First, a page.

So, did minimal techno - as evidenced by classics like Moveable Parts, Internal Empire, and Minimal Nation, all of which were released in 1993/94 - come about by accident or design, then? He pauses for a while.
"I would say it was by design," he eventually decides. "I had minimal ideas before I even learned how to turn on a drum machine. Around '92, everyone was just grabbing onto technology, everyone was big on tone generators. Rave was everything in techno then, you know, the gabba sound and stuff. I wanted a more humanistic approach. So I just focussed on what felt good to Robert, and not what the latest trends were. I knew it was the chordy, organistic, really stripped down minimal sound that was natural for me, so I embraced it and went for it."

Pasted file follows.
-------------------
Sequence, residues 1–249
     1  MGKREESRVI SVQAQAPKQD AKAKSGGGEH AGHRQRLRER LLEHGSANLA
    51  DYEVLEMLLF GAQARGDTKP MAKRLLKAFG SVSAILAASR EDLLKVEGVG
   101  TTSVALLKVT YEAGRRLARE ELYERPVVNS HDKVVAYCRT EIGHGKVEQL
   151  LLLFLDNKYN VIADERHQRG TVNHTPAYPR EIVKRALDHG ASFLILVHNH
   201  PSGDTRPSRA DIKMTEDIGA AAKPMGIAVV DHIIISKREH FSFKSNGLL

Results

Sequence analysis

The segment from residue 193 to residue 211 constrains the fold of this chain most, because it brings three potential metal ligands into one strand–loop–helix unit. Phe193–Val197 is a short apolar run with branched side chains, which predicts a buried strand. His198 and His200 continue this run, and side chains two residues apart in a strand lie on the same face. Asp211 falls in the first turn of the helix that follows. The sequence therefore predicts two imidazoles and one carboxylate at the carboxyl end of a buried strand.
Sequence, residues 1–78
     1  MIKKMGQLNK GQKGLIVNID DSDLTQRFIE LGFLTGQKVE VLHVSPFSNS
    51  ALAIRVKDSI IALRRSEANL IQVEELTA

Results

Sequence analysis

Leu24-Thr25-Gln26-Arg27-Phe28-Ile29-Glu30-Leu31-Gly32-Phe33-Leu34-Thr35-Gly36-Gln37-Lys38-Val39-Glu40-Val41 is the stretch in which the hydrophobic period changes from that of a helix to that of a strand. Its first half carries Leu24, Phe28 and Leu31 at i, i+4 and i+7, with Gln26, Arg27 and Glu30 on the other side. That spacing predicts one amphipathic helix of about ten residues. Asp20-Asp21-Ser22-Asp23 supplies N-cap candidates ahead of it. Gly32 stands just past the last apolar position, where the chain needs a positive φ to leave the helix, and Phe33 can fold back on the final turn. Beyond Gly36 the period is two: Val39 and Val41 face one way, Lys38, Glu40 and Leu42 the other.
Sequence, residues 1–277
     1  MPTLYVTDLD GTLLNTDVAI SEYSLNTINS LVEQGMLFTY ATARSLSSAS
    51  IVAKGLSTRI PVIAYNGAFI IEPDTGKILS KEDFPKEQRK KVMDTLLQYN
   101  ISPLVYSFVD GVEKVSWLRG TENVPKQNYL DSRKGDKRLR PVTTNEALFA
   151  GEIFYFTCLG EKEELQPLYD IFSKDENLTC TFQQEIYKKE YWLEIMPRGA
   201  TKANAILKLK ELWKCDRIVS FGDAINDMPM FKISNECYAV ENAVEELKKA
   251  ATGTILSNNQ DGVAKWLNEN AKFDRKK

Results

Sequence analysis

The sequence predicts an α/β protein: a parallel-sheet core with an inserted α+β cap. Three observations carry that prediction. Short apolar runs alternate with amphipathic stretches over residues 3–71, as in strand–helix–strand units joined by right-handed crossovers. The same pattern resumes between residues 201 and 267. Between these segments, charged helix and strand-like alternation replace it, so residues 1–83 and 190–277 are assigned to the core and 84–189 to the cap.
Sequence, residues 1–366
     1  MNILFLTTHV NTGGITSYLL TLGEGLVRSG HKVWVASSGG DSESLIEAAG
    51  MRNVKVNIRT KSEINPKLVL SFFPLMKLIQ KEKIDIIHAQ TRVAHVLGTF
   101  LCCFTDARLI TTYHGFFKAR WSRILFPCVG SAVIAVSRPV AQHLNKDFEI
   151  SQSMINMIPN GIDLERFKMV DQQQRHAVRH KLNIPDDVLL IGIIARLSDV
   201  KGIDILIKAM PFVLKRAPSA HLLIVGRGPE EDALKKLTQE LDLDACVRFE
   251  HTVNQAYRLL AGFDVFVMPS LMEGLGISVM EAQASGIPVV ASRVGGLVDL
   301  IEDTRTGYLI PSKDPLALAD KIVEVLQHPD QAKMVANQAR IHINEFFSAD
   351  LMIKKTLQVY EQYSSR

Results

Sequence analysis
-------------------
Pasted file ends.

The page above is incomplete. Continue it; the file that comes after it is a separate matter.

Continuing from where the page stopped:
It is this penchant for not following the pack that endears Hood the most to his fans, so I ask him the difficult question: How does he feel about the hordes of minimal copyists that have ended up following, often half-heartedly at best, in his wake? "That's always gonna happen," he admits, without any discernible touch of bitterness or disappointment in his voice. "People jump on a trend, they develop a name, they blow up huge, they come and go. It's because they are not connected to the artform. Whether it's techno or house or minimal, they use it as a product, not as an artform, so there's no longevity in it. My thing is to identify with your profile, tap into your musical roots, pay attention and don't forget it - but also, look forward, and don't dwell on the past. Then you'll have longevity. Things are always gonna come in cycles, everyone's gonna have their turn to tell the story. And depending on how you tell it, that will determine how long you last in this game."